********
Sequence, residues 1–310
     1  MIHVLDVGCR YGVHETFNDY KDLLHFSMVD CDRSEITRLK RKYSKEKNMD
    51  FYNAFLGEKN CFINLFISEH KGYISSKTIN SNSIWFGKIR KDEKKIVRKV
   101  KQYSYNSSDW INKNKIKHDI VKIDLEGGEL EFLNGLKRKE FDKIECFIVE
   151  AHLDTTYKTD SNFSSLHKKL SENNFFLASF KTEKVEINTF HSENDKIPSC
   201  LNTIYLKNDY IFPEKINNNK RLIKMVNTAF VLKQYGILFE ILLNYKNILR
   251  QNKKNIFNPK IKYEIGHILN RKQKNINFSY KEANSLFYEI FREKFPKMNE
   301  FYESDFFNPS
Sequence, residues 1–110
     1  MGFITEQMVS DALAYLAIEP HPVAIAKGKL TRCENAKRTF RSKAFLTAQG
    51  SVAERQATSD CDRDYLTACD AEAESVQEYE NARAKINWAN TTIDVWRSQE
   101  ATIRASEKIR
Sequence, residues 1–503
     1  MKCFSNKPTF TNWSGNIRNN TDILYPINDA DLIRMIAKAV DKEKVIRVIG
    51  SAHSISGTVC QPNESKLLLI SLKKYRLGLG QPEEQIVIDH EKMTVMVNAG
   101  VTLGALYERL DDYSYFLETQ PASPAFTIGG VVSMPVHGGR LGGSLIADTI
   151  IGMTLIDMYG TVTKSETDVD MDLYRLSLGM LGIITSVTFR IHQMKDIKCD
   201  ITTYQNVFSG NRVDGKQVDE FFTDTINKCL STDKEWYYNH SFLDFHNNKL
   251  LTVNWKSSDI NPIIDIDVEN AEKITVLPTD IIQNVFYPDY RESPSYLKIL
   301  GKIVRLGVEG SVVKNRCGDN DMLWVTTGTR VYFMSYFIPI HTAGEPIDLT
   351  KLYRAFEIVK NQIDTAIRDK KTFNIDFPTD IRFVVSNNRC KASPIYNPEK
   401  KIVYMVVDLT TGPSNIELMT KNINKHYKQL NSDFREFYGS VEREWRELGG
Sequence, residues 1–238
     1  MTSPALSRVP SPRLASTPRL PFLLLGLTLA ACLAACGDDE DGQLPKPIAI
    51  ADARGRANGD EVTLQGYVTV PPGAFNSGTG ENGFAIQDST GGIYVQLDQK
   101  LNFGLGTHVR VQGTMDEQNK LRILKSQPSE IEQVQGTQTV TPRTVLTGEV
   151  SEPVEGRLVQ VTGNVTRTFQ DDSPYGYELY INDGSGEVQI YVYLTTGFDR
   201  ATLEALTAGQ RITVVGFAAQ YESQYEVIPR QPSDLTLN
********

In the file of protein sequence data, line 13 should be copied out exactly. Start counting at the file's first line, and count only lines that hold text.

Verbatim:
Sequence, residues 1–503